greater propensity to crisis, as well as the negative deﬂ ationary and developmental effects, are
Given the unprecedented—by recent standards—financial crisis
that has devastated the world financial system and extended its
reach into a number of other sectors, political risk insurance has
become even more relevant. At the same time, questions remain as
to whether PRI really covers those risks that investors need covered
The economies of different countries have been affected with different degrees of intensity
according to their exposure to some of the main drivers of the financial crisis.
which has been largely blamed as one of the main contributors to the financial meltdown, is an
important example in place. While in some countries, securitization played a very large role, in
other nations the resort to activities in these markets was insignificant from a macroeconomic
In recent years, Japan’s major corporations have
increasingly relied on the corporate bond market as a
source of debt finance. From 1996 to 1998, the issuance
of corporate bonds increased more than 46 percent, from
30.8 trillion yen to about 45 trillion yen (Table 1).1 At the
same time, loans from Japan’s banking sector decreased
about 17 trillion yen. As the corporate bond market grew,
the spreads between the yields on Japanese corporate and
government bonds widened dramatically.
While the magnitude of differences in credit scores was very substantial, the impact
of credit scores on pricing and availability varies among companies and is not directly
examined in this study. The impact of scores on premium levels will be directly addressed in
studies expected to be completed by late 2004.
Missouri statue prohibits sole reliance on credit scoring to determine whether to
issue a policy. However, there are no limits on price increases that can be imposed due to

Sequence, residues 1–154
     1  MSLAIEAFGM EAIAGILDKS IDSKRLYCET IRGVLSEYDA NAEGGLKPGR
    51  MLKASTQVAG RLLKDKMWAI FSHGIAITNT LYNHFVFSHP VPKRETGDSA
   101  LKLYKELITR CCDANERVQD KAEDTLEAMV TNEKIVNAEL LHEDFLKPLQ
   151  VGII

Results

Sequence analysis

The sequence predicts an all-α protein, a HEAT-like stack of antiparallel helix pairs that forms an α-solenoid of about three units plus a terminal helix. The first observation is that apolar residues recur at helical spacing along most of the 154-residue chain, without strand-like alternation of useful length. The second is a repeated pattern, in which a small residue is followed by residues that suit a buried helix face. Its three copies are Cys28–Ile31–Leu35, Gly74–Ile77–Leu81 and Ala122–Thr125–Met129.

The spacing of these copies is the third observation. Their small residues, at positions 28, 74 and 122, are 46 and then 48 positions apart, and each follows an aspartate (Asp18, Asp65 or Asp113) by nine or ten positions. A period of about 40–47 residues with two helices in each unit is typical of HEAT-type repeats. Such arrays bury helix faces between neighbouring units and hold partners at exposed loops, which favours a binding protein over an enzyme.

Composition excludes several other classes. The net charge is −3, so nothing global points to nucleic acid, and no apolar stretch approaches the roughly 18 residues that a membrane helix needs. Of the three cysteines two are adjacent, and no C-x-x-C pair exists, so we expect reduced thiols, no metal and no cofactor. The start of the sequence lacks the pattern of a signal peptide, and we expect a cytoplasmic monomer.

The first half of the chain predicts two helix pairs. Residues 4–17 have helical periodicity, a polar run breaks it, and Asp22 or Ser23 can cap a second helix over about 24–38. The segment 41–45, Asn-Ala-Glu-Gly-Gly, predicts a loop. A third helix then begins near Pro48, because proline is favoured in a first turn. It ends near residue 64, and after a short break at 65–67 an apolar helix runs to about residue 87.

credit scores, so...
Our study constitutes a basis for further analyses of the equilibrium level of credit
in the economy and investigations of ¯nancial stability. In order to prove this, we note
that the econometric analysis in this article have been replicated and extended by Serwa
(2011) to build a model identifying both normal and boom regimes in the credit market.
In turn, Rubaszek (2011) have calibrated a version of the model including housing to
data on the banking sector in Poland. His results suggest that incorporating housing
in the model signi¯cantly increases the volume of credit in the economy. ...
The crisis has shown that securitization is heavily dependent on markets’ perceptions and could
be subject to sudden bouts of illiquidity generated from investors’ concerns. Namely the
consequences of the increased participation in bank funding by financial markets’ investors and
the large increases in securitized assets, can led to acute liquidity crises.
An important feature in many countries is the role of securitization in the lending and housing
prices boom and burst. At the macroeconomic level, the dynamics of the relationship between
lending, housing prices and securitization have been largely unexplored although a rising
interest has recently emerged with the financial crisis.
In the United States, insurance regulators require bonds and preferred stocks to be reported
in statutory financial statements in one of six National Association of Insurance
Commissioners (NAIC) designations categories that denote credit quality. If an accepted
rating organisation (ARO) has rated the security, the security is not required to be filed with
the NAIC’s Securities Valuation Office (SVO). Rather, the ARO rating is used to map the
security to one of the six NAIC designation categories.
This paper makes a case that the global imbalances of the 2000s and the recent global
financial crisis are intimately connected. Both have their origins in economic policies
followed in a number of countries in the 2000s and in distortions that influenced the
transmission of these policies through U.S. and ultimately through global financial
markets. In the U.S., the interaction among the Fed’s monetary stance, global real interest
rates, credit market distortions, and financial innovation created the toxic mix of
conditions making the U.S.
Two features stand out. First, leverage is procyclical.
Leverage increases when balance sheets expand.
Conversely, leverage falls when balance sheets
contract. Thus, leverage tracks the waxing and
waning of balance sheets in a way that ampliﬁ es
the ﬁ nancial cycle. Although “procyclical leverage”
is not a term that the banks themselves would use
in describing how they behave, this is in fact what
they are doing.
Second, there is a striking contrast between the
distress in 1998Q4 associated with the LTCM crisis
and the credit crisis of the summer of 2007.